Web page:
What brought you to writing thrillers? What’s your writing background?

My training is journalism, but I write fiction because it’s what I love to read. After hundreds of mysteries and thrillers I started a book and realized by chapter three that I knew everything that was going to happen for the rest of the book. I had that moment when you say, “Heck, I can do better than this!” … and then of course you have to prove it to yourself. I knew what I wanted to read. I studied the work of my favorites in the genre, and then wrote a lot of crap on my way to learning this new craft.

What’s your writing process like? Do you set daily writing goals? Do you belong to a writing group? How involved are you in your local writing community?

I’m very involved in the local writing community. I speak at events, teach writing at a nearby community college and even run a genre writing conference—Creatures, Crimes & Creativity Con. I’ve been vice president of the Virginia Writers Club and President of the Maryland Writers Association. I love the company of writers and the way we can all help each other get better. I write every day but have no real daily goal except to make some sort of visible progress. I outline in detail (outlines could be fifteen or twenty pages), which is an iterative process, adding detail each pass until I know what happens in every scene of the book. When I get to the writing I’m IN the scene—seeing, hearing, feeling everything my POV character experiences. I’m simply reporting what happened.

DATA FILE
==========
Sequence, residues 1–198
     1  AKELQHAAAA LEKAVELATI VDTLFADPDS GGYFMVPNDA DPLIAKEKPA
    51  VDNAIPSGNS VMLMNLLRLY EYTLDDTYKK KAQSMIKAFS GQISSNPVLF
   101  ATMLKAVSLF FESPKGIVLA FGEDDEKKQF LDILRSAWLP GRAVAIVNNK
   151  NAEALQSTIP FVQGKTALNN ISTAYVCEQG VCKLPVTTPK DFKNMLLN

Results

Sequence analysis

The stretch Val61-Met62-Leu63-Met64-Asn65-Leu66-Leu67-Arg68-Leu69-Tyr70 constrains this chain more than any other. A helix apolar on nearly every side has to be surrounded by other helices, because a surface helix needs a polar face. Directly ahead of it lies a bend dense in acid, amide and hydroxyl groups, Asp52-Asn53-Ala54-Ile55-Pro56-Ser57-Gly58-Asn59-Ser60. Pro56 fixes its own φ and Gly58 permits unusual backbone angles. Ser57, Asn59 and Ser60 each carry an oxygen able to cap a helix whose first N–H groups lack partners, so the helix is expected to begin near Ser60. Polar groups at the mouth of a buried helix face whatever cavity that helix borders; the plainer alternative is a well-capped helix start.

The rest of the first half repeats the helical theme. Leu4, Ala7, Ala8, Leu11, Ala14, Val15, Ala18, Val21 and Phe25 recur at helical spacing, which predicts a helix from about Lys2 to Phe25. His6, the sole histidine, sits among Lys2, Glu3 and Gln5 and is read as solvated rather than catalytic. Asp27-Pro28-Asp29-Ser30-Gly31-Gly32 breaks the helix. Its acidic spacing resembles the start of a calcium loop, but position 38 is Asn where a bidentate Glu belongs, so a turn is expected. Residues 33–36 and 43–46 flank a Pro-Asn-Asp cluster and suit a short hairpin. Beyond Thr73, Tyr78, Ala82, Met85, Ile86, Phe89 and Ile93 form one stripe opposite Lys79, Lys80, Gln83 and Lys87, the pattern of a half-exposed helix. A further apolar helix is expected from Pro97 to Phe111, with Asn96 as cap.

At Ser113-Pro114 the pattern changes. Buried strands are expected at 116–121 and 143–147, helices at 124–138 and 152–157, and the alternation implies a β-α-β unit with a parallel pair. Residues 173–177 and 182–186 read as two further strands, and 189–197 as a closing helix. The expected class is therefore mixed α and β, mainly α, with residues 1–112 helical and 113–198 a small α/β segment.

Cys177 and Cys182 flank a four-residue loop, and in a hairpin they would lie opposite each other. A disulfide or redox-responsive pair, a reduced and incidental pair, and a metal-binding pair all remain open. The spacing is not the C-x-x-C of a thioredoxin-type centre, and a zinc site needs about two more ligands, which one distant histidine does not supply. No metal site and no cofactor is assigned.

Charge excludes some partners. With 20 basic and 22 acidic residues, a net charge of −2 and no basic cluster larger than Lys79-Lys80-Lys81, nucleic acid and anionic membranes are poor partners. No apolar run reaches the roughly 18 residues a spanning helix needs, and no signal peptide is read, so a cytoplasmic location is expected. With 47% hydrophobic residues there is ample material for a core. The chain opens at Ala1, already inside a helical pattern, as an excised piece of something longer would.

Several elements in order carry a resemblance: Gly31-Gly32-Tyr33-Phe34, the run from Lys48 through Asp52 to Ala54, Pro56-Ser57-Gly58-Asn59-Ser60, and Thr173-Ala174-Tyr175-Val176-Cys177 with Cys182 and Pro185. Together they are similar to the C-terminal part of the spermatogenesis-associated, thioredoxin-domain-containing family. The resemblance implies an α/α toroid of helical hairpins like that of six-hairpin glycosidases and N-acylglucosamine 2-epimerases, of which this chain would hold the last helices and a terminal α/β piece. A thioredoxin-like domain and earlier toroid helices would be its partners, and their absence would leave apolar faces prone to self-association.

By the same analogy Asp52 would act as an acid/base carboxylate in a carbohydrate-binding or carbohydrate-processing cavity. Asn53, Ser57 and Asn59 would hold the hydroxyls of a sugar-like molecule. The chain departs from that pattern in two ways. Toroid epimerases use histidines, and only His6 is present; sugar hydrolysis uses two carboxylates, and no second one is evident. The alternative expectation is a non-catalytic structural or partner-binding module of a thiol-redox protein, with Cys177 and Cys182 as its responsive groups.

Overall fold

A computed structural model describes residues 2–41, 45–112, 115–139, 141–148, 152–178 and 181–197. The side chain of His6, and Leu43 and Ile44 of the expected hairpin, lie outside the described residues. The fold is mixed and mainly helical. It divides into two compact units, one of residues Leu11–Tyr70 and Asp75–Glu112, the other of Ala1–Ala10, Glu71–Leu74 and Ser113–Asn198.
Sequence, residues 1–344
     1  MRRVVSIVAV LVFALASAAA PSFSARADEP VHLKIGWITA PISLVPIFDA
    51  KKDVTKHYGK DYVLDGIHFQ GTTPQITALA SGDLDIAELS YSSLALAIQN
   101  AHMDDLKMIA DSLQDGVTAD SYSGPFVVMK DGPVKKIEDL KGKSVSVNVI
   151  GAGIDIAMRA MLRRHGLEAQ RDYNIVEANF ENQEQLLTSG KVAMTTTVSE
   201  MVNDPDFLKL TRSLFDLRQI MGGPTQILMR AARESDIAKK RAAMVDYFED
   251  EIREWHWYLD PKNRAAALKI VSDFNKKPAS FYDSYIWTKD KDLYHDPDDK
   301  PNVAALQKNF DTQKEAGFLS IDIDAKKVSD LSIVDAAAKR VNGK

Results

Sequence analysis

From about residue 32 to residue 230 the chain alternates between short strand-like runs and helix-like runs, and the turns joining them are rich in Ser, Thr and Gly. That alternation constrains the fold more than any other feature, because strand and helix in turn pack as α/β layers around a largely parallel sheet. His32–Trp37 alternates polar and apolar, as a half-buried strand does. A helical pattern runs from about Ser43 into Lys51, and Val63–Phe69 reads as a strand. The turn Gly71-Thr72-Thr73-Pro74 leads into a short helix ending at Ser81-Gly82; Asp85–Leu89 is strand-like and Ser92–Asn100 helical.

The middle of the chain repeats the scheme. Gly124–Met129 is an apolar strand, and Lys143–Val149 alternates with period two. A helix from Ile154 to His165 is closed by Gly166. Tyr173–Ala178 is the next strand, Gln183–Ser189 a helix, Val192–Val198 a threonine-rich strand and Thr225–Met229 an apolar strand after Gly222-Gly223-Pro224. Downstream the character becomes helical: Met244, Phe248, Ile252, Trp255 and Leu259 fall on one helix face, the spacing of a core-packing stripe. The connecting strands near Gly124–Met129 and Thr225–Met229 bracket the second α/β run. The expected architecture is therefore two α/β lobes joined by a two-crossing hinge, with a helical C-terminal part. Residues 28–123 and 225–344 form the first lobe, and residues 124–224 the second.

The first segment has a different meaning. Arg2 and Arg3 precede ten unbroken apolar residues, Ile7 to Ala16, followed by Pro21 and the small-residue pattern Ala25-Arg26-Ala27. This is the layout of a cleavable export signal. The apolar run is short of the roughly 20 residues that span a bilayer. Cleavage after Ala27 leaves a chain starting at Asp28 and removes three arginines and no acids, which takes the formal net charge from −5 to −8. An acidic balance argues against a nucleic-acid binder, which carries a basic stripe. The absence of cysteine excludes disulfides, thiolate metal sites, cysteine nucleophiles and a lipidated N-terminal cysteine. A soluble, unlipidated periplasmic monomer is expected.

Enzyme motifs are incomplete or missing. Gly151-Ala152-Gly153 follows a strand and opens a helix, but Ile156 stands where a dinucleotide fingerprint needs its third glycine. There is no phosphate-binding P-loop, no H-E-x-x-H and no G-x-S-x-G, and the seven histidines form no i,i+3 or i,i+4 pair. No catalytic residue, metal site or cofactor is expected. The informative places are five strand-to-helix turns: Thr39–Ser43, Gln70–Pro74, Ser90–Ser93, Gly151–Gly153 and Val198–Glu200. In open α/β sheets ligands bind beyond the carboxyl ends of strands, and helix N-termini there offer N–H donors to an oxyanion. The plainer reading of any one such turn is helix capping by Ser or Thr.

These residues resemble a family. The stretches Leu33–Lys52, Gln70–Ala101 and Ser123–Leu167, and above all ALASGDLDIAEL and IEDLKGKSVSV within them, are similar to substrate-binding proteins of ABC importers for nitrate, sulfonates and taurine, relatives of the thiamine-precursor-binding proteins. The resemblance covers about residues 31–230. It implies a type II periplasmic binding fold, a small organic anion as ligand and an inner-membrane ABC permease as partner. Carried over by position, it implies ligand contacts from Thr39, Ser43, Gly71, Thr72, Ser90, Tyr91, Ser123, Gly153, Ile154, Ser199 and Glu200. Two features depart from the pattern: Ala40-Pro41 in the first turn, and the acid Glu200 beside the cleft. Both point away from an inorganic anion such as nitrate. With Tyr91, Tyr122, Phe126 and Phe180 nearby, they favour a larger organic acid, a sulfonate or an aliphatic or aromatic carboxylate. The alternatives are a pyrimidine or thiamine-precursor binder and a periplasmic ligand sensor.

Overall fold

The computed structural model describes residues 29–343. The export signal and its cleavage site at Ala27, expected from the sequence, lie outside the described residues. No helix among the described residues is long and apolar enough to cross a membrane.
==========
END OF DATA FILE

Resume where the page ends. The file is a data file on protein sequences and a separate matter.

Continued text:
What is your biggest challenge as an author? Any advice you want to share with newbie writers?

As an author my greatest challenge is to share my characters honestly with my readers. I have to show the heroes as real people, warts and all. And even though I want you to hate the villains I have to show you whatever positive traits they may have. I tell new writers you can write a good book if you have a good plot. But if you aspire to greatness, you have to get into the mind of every single character. You must remember that no one thinks they’re the bad guy, no one thinks they’re a minor character, and everyone has a good reason for everything they do,

Who are your favorite authors? What books are on your reading list?

I’ll break them up. Old school favorites are Raymond Chandler (whose prose feels like poetry), Elmore Leonard (best characters in the history of literature), and Ross McDonald (the ultimate master of plotting.) My favorites today include Dennis Lehane, Jeffrey Deaver, and John Gilstrap. These three guys are so prolific that they pretty much make up my reading list.

What’s next on your writing schedule?

I just turned in my next Stark & O’Brien adventure novel, The Lost Art Assignment, to my editor, and am working on the plot of the next Hannibal Jones novel, which will be much more of a twisty corkscrew mystery than PYRAMID DECEPTION is. I try hard to keep the cycle going.

*****

Austin Head ShotAustin S. Camacho is the author of five novels in the Hannibal Jones Mystery Series (including The Troubleshooter, Blood and Bone, Collateral Damage, Damaged Goods and Russian Roulette) and four in the Stark and O’Brien adventure series (The Payback Assignment, The Orion Assignment, The Piranha Assignment, and The Ice Woman Assignment) and the detective novel Beyond Blue.

To learn more about Austin, please visit his website.

 

 

Mario Acevedo

Mario Acevedo is the author of the Felix Gomez detective-vampire series. His short fiction is included in numerous anthologies and in Modern Drunkard Magazine. Mario lives and writes in Denver, CO.

Visit Mario at: www.marioacevedo.com.